When Galen Peterson was hit by a roadside bomb during the Iraq War in 2008, he woke up two hours later with many injuries, and had to spend the next nine months learning how to walk and talk again.
Peterson had been hit by roadside bombs before — taking shrapnel and suffering concussions, but this time recovery was very difficult, he said.
“I had substantial cognitive deficits to overcome,” Peterson said. “I had organ damage to my kidney, my liver, my shoulders were messed up, my ribs were messed up … It took about three years to recover back to where I was able to be fully functional again.”
During his time fighting in the war, Peterson kept a daily journal, which was later turned into an award-winning book, “Strike Hard and Expect No Mercy.” While he never intended to share his journal with anyone, he decided to re-write it so his story could be told to someone else.
“I had told one of my mentors about this project, and he convinced me to give him a copy,” Peterson said. “He immediately wrote back saying ‘you absolutely have to publish this,’ and I kind of blew him off as ‘you’re just being nice,’ and he was very persistent, and after a few years he wore me down.”
Peterson, a Lafayette resident and city of Longmont employee, submitted his book to different publishers on Christmas Eve of 2019, and he was under contract by New Year’s Day of 2020.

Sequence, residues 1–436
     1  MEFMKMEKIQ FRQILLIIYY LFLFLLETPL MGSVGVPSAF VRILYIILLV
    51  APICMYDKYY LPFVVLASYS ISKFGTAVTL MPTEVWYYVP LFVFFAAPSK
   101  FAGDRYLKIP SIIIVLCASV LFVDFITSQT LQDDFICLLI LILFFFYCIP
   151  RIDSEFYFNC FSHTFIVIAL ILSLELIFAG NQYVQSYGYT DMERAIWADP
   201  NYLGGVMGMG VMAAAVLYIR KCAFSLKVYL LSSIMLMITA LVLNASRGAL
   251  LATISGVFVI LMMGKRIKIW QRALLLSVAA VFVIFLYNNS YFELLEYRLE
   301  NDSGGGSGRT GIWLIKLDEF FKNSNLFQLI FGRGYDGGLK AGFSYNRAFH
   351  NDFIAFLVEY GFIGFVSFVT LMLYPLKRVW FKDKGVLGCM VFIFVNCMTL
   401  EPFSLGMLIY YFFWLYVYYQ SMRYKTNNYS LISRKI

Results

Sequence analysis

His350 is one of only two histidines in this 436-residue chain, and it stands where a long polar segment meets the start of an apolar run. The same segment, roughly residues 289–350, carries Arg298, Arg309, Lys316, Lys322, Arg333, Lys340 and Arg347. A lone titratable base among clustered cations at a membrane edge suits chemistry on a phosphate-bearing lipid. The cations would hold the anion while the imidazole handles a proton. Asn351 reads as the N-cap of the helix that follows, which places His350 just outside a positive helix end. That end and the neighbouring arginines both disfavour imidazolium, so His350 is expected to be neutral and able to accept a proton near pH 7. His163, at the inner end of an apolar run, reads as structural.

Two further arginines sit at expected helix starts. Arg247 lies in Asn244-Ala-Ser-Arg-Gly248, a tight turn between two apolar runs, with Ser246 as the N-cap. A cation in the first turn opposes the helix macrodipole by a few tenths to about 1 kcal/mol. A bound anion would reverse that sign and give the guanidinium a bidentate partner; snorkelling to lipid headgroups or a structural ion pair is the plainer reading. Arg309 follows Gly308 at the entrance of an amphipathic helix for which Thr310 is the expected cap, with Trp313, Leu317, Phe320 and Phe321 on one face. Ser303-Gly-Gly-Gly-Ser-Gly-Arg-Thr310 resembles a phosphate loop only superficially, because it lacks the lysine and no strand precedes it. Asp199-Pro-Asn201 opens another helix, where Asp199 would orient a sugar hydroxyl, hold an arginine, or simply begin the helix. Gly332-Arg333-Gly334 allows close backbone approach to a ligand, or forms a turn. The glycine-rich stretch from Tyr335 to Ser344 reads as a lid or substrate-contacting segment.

This year marks the 20th anniversary of the Iraq invasion and 15th anniversary of the Battle of Sadr City.
“The Battle of Sadr lasted from about March 25, 2008 until the end of May,” Peterson said. “It involved tanks and other armored vehicles attacking block by block through Sadr to prevent insurgent artillery from bombarding the Green Zone.”
One of the nicknames for the battle was “The Wall,” because American forces built a massive concrete wall to block insurgent rocket trucks from crossing into range of the Green Zone.
“The first portion of that we tried to do it only at night, so we’d have the advantage of night vision, and we lost a lot of equipment and casualties to IEDs because we would come in during the night and go to this really dense minefield of roadside bombs,” Peterson said.
Two of Peterson’s brothers in arms — Staff Sergeant Mike Elledge and Sergeant Chris Simpson — were killed in 2008 in Baghdad. Elledge was married with children, and Simpson had a close girlfriend back home, Peterson said.
“I was very close with Mike, and I had known him really well from my first deployment,” Peterson said. “He was just a really good guy — he was the oldest guy in my platoon … but he was easily the most physically fit.”
Simpson was “one of those larger-than-life characters who everybody knew,” Peterson explained.
“He always had a smile and easily could become your favorite, just because he was a lot of fun.”
Peterson is traveling to Fort Carson this week to meet his brothers in arms for a reunion to mark the Battle of Sadr City anniversary and to honor Simpson and Elledge.
“Outside the main gate at Fort Carson is the memorial for all soldiers lost in Iraq and Afghanistan from Fort Carson,” Peterson said. “And so we’ll meet there and probably share a lot of tears and a lot of fun stories.”
“Strike Hard and Expect No Mercy” received a Readers’ Favorites Bronze Medal, a Bronze Medal from the Military Writers Society of America and an International Impact Award.
Peterson received a Purple Heart in 2006 and another in 2008.